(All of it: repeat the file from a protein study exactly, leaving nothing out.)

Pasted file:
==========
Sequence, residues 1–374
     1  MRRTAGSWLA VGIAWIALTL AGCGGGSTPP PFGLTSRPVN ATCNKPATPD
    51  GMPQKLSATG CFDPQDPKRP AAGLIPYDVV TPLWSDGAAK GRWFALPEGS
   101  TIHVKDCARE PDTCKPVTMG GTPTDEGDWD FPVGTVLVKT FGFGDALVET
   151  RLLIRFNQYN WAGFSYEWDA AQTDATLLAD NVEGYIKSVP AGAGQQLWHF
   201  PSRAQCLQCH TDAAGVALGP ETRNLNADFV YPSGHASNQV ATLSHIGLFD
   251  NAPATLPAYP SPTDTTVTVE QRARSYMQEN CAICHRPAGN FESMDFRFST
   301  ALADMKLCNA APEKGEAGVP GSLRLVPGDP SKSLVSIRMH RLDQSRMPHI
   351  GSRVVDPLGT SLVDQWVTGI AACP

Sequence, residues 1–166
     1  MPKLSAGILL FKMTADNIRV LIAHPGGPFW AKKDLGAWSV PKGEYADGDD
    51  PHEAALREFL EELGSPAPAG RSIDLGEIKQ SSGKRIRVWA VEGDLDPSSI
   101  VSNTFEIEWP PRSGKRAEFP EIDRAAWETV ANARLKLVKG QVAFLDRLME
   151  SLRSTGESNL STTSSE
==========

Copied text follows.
Sequence, residues 1–374
     1  MRRTAGSWLA VGIAWIALTL AGCGGGSTPP PFGLTSRPVN ATCNKPATPD
    51  GMPQKLSATG CFDPQDPKRP AAGLIPYDVV TPLWSDGAAK GRWFALPEGS
   101  TIHVKDCARE PDTCKPVTMG GTPTDEGDWD FPVGTVLVKT FGFGDALVET
   151  RLLIRFNQYN WAGFSYEWDA AQTDATLLAD NVEGYIKSVP AGAGQQLWHF
   201  PSRAQCLQCH TDAAGVALGP ETRNLNADFV YPSGHASNQV ATLSHIGLFD
   251  NAPATLPAYP SPTDTTVTVE QRARSYMQEN CAICHRPAGN FESMDFRFST
   301  ALADMKLCNA APEKGEAGVP GSLRLVPGDP SKSLVSIRMH RLDQSRMPHI
   351  GSRVVDPLGT SLVDQWVTGI AACP

Sequence, residues 1–166
     1  MPKLSAGILL FKMTADNIRV LIAHPGGPFW AKKDLGAWSV PKGEYADGDD
    51  PHEAALREFL EELGSPAPAG RSIDLGEIKQ SSGKRIRVWA VEGDLDPSSI
   101  VSNTFEIEWP PRSGKRAEFP EIDRAAWETV ANARLKLVKG QVAFLDRLME
   151  SLRSTGESNL STTSSE